Sleeve gastrectomy, also known as "sleeve," is a surgery in which the stomach is permanently reduced to 15 – 25% of its original size, leaving a banana-shaped portion that has both restrictive and malabsorptive qualities to effect weight loss.
How is a sleeve gastrectomy different from gastric bypass surgery?
The sleeve is technically simpler than the gastric bypass. Instead of rearranging the anatomy of the patient’s stomach and small intestine as is done with the gastric bypass, the stomach is resized to affect weight loss.
How effective is sleeve gastrectomy surgery?
Patients who have the sleeve procedure and follow the other program requirements typically lose up to 65% of their excess body weight. They also improve or eliminate many obesity-related issues such as:
- High blood pressure
- Sleep apnea
In the long term, the majority are able to successfully keep off at least 50% of their excess body weight.
How long is the recovery process after a sleeve gastrectomy?
The operation is performed through several small incisions, effectively decreasing the risk of potential complications, post-operative pain, and time until the patient can return to work and other activities.
Patients will need time off of work to devote to developing durable, healthy eating habits as they adjust to their new anatomy. With that said, the pain associated with the surgery is generally mild and adequately treated with short courses of pain medications.
Will I have to change what I eat after a sleeve gastrectomy?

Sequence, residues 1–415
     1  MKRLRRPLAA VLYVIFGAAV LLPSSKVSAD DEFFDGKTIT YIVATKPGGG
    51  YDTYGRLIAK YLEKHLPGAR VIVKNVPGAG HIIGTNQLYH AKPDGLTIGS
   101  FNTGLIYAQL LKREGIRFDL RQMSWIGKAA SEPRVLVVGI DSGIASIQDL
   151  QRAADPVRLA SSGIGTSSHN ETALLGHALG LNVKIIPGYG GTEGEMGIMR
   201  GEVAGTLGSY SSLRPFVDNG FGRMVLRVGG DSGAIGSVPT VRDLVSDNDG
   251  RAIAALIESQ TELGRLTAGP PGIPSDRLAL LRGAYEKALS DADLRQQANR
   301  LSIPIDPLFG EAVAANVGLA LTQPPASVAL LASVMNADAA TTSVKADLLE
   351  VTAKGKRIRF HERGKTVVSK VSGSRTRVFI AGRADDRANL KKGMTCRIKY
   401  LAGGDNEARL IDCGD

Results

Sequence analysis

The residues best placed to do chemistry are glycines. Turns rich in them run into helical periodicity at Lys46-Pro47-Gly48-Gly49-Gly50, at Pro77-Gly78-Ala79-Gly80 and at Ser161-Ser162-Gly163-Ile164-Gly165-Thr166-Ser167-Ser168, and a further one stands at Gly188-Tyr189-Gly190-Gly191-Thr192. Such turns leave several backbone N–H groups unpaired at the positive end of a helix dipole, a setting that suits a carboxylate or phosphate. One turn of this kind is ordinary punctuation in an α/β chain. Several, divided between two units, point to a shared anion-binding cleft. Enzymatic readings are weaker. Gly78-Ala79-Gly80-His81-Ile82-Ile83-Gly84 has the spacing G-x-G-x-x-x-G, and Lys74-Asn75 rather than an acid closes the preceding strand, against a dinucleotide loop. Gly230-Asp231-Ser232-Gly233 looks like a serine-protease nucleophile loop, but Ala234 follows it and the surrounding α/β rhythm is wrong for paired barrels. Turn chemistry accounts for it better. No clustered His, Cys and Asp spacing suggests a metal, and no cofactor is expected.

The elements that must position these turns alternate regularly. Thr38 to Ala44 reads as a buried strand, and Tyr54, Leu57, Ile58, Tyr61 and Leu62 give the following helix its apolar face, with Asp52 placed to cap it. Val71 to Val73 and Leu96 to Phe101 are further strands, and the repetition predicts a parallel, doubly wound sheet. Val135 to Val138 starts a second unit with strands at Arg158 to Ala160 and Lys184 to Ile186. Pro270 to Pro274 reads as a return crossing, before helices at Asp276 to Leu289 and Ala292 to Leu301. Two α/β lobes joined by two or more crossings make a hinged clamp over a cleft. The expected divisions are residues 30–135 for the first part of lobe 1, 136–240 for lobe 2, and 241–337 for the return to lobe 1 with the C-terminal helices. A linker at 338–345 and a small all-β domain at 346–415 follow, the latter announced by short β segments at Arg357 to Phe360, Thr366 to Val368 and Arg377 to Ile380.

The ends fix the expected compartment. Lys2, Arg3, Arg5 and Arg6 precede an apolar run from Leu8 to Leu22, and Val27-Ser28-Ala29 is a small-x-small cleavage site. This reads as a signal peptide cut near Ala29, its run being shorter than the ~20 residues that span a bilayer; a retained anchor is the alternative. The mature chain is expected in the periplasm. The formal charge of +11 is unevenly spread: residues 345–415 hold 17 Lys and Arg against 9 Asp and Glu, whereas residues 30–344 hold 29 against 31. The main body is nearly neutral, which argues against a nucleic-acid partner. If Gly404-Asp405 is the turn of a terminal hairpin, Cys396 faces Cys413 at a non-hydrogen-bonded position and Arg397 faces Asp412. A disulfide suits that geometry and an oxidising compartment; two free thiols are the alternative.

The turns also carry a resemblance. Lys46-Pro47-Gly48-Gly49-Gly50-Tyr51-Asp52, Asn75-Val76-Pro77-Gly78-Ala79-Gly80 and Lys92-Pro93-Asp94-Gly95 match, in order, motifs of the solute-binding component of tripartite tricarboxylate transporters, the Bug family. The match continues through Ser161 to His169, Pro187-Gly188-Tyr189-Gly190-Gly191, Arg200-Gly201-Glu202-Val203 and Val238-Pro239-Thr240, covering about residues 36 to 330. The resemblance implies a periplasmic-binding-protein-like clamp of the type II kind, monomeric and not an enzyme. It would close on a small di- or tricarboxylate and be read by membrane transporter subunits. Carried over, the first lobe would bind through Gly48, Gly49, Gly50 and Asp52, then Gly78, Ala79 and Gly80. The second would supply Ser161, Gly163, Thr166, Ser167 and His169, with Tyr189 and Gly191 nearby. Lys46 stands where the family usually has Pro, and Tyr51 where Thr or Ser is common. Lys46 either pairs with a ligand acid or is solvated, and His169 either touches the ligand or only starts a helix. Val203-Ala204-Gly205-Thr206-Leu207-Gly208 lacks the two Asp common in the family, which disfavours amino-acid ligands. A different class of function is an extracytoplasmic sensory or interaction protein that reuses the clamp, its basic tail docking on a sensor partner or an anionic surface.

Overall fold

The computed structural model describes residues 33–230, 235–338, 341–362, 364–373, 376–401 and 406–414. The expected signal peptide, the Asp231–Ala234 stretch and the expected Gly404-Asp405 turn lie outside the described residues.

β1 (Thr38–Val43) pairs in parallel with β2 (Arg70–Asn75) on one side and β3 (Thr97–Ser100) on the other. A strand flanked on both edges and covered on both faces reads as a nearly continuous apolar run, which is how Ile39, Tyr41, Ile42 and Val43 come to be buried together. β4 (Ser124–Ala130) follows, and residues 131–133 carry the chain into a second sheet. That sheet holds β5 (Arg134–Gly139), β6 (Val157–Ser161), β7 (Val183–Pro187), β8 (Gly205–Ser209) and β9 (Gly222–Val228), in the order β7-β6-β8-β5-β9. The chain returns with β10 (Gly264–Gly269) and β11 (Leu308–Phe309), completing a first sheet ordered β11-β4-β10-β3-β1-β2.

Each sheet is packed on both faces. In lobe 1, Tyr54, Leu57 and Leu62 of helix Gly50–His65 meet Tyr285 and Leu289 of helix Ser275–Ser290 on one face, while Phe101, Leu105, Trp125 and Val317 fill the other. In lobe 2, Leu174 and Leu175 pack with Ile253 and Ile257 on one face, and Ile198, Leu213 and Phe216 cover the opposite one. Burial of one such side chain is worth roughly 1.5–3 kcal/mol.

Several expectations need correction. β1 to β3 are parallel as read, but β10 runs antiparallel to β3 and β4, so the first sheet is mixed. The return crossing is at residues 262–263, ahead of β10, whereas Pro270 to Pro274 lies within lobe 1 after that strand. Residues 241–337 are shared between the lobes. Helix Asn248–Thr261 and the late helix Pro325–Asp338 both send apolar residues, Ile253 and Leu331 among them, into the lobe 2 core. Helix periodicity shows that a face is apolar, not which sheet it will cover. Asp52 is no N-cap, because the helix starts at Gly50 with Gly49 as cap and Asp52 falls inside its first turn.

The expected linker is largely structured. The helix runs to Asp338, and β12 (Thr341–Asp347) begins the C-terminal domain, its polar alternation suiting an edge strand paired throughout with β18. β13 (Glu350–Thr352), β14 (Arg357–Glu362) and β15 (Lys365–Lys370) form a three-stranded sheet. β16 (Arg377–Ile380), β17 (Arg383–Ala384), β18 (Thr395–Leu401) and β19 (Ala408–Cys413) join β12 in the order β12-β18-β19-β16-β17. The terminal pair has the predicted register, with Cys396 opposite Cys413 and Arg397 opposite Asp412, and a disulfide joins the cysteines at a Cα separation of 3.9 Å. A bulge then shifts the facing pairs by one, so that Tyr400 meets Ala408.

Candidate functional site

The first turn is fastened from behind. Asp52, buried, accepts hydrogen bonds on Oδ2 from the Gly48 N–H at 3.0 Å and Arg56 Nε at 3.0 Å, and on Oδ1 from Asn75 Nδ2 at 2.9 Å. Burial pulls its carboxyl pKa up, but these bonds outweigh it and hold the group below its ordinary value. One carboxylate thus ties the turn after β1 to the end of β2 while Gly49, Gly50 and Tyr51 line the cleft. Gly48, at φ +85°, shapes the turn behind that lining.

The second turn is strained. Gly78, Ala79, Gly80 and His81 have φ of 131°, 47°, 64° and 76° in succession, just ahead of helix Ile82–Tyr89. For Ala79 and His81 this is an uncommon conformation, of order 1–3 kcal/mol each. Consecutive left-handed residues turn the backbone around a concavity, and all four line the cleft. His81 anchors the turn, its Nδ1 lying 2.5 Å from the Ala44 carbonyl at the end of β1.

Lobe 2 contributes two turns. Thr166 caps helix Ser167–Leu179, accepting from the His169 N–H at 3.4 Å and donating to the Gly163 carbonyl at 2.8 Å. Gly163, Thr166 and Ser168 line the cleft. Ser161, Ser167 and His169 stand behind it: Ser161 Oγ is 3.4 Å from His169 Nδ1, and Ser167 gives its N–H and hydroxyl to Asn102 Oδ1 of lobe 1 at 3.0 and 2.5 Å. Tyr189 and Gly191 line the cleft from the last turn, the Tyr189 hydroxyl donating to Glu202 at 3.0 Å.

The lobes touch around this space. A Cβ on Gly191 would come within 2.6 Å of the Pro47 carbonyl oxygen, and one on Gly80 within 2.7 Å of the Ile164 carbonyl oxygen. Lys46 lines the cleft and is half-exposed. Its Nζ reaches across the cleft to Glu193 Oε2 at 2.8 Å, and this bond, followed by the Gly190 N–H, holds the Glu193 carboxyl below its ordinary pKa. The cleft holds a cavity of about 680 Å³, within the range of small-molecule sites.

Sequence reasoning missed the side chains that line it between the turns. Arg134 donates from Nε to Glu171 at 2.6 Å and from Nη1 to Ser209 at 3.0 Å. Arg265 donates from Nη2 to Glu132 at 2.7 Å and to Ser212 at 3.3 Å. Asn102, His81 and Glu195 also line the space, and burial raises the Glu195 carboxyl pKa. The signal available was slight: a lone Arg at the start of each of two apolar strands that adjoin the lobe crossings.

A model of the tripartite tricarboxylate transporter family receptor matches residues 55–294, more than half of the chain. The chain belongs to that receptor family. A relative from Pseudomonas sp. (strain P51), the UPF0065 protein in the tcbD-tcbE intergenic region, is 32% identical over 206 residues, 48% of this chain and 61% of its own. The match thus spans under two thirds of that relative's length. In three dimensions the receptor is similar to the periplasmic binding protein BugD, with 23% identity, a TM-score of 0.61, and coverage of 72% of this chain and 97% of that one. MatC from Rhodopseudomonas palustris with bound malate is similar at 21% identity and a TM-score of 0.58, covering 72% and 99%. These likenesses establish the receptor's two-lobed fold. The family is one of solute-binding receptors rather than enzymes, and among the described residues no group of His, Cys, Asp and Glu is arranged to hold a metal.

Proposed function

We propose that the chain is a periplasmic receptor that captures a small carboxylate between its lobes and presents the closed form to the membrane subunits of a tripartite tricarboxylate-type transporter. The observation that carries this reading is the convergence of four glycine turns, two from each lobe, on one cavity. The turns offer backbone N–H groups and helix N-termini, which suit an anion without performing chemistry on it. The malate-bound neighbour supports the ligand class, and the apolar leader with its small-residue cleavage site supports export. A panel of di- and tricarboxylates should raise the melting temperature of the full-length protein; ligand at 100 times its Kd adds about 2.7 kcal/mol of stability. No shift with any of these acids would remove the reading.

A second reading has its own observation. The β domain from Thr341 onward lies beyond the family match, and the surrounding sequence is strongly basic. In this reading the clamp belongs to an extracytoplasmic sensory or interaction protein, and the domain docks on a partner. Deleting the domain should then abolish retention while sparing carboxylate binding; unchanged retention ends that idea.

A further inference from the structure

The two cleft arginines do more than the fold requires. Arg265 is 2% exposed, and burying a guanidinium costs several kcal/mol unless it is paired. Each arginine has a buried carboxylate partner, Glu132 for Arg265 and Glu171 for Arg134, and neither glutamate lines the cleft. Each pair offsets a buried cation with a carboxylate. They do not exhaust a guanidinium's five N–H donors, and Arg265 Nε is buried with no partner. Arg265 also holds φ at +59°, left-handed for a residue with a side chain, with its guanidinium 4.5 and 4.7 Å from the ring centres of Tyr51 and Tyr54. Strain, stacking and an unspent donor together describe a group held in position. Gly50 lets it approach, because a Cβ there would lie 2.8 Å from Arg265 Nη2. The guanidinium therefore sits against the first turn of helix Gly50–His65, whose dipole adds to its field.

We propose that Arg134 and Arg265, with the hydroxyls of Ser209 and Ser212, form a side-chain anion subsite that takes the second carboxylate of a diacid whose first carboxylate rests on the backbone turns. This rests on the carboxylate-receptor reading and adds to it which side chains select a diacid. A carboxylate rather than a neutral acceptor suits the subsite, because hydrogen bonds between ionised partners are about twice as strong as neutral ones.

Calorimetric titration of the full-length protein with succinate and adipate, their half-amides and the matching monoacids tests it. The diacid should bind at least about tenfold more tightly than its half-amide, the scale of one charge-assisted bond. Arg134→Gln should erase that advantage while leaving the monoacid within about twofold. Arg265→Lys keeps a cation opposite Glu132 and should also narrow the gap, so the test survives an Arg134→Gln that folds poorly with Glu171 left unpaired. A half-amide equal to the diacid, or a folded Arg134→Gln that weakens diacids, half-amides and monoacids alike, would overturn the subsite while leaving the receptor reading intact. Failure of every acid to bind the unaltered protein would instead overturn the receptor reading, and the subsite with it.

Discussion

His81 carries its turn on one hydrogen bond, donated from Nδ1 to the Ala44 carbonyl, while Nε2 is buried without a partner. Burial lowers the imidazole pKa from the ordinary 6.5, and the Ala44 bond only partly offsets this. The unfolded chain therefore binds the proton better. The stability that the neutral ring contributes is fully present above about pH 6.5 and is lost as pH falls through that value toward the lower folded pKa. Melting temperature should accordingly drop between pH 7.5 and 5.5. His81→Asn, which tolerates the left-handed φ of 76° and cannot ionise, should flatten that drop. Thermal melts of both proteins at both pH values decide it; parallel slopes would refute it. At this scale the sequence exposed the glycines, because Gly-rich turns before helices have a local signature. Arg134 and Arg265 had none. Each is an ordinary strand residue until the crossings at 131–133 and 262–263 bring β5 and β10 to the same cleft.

Absolutely! Perhaps more important than the actual operation is the pre-operative education that patients experience. We try to teach our patients about a healthy diet. We want everyone to understand what a gram of carbohydrate, protein, and fat are and in what combinations we should be eating them. We know that there is a finite timeframe during which the patient will lose weight at a greater rate than a normal individual.
The key is to develop healthy, sustainable eating habits that will help the patient to maintain this weight loss after the body has adjusted to the operation.
What are the risks of sleeve gastrectomy surgery?
No surgery is without potential complications. With that said, the introduction of laparoscopy to the field of bariatric surgery has revolutionized not just the efficacy, but also the risk posed to the patient.
The data from over 60,000 patients nationwide shows that the risk of death is 0.1%, which is less than a gallbladder operation or a hip replacement surgery. Furthermore, there is good data that there is up to an 89% reduction in mortality in those individuals who have surgery than in a cohort who does not due to the many obesity-associated medical problems that are addressed with weight loss surgery.